Ooty, a quaint town located in the Indian state of Tamil Nadu has earned the title of ‘Queen of Hills’ for a reason. Not only did it serve as a summer capital for the British in the olden times, but it is also home to a coterie of Parsis.
In Pictures: Explore Ooty
Ooty is home to India’s well-known Parsi, late Field Marshall, Sam Manekshaw, popularly known as Sam Bahadur. Maneckshaw’s connection with the Nilgiris dates back to the 1950s when he was commandant of the Defense Services Staff College at Wellington, which is about 18kms from Ooty – where he bought land and built a house later in 1973.
But Ooty’s association with the Parsis goes back to the 1800s when Seth Pestonji Nasserwanji Battliwalla, a Parsi merchant from Mumbai, moved to Ooty. It was Batliwala who inspired the slow migration of the Parsis from Mumbai and Gujarat when they decided to make this beautiful heritage city, their home.
Read: UNESCO’s PARZOR Project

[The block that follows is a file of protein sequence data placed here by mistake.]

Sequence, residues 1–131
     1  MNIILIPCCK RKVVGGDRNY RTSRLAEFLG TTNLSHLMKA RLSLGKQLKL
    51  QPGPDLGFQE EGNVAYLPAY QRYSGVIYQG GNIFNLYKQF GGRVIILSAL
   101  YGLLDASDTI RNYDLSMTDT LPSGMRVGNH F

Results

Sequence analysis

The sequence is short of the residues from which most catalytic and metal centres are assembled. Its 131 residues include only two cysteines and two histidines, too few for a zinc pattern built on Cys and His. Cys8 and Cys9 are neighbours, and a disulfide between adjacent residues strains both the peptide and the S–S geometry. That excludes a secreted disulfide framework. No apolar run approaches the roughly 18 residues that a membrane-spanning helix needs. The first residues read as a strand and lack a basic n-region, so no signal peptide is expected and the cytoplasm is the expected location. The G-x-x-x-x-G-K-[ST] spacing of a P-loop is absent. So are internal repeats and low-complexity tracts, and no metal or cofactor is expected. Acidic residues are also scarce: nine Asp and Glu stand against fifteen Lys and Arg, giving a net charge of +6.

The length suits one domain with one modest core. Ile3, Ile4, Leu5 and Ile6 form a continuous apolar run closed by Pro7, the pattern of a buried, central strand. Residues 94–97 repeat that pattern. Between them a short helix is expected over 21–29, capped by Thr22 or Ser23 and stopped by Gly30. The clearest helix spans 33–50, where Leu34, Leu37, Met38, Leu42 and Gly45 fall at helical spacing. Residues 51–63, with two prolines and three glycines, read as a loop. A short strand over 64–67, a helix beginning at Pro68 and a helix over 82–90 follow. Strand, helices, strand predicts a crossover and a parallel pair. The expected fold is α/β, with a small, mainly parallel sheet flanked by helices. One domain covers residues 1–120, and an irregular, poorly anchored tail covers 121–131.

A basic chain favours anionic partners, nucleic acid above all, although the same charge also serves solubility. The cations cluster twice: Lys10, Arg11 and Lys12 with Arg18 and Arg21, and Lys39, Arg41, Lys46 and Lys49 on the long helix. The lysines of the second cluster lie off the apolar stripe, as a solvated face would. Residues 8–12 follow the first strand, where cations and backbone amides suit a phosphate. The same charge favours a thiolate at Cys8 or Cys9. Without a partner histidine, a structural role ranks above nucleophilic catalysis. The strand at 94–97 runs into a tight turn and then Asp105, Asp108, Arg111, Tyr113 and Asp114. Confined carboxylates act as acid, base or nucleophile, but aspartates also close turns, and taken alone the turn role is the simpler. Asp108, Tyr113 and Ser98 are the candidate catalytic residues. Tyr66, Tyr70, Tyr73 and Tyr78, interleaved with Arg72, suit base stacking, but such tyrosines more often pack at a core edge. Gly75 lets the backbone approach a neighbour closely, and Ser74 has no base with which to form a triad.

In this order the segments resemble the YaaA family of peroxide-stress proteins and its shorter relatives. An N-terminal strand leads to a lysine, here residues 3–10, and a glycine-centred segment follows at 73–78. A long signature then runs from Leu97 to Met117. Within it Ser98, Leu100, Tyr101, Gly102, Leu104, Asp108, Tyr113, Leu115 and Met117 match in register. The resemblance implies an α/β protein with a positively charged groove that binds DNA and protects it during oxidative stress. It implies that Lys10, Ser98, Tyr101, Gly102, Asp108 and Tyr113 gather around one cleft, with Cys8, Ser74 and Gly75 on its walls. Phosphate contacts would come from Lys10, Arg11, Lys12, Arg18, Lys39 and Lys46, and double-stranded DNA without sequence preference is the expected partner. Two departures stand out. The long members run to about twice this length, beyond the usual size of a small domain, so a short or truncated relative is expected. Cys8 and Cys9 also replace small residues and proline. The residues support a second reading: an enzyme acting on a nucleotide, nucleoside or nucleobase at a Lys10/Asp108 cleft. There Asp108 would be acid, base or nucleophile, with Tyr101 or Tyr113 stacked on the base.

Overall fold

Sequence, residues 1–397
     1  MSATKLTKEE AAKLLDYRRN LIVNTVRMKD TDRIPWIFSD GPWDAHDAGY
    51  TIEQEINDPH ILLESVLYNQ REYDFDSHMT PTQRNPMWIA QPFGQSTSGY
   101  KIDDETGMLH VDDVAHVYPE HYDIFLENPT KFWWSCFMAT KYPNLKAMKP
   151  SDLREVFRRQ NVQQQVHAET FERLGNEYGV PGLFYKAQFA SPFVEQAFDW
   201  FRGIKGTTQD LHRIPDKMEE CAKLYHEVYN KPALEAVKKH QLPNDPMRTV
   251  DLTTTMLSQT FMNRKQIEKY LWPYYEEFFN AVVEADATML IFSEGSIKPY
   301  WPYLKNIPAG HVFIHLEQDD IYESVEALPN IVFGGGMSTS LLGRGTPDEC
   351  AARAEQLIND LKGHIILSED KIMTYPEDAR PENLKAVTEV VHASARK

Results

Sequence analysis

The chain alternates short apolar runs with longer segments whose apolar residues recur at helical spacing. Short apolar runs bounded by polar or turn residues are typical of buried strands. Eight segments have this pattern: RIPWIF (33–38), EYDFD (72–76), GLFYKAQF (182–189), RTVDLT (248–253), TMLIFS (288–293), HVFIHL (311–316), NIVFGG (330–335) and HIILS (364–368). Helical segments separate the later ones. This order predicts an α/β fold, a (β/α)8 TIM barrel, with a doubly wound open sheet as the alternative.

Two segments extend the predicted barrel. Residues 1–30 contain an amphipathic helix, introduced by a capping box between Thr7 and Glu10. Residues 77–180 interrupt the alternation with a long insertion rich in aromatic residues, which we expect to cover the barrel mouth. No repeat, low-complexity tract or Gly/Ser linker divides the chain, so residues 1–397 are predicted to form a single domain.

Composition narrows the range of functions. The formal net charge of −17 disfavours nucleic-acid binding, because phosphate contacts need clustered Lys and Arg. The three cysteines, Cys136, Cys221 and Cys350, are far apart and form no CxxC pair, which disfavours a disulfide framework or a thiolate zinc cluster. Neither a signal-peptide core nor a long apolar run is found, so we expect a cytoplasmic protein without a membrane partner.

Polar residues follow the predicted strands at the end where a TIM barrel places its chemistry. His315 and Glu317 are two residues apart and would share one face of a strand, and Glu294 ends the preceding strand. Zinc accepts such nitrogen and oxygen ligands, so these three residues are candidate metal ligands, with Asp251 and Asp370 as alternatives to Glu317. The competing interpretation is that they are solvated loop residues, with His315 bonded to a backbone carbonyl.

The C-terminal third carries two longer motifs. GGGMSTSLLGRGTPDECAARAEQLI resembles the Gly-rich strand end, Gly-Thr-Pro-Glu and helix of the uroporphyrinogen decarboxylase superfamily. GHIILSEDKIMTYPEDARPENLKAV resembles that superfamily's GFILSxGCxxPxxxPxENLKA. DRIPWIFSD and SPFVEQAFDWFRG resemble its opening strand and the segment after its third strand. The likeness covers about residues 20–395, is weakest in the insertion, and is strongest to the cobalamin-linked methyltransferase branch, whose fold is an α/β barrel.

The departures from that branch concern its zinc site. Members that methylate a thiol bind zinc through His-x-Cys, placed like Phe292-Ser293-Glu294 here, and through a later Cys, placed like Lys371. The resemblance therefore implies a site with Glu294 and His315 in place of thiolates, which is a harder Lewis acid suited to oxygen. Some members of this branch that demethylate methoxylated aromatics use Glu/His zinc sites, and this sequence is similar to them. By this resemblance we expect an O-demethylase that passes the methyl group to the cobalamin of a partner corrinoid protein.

It was also Batliwala who gifted a small land for the benefit of the Parsi Community on which Ooty’s first Parsi Aramgarh (cemetery) was built. The first Parsi from Ooty who was buried in this Aramgarh was Dinbai, wife of Pestonji Battliwalla, in 1878.
One hundred and thirty years later, in 2008, Manekshaw,whose career spanned almost four decades, who saw five wars, including World War II and the Indo-Pakistan war of 1971, was laid to rest at this Parsi Aramgarh, next to his beloved wife, Silloo Both. Last year in Ooty, during a heritage walk organized by Go Heritage Runs and Make Ooty Beautiful saw a number of people pay tribute to this legendary war hero. And that’s the mystical beauty of this beautiful hill station. The more you explore is the more you unravel its charms and secrets. How else would you know about this little piece of Parsi history in this petite heritage town?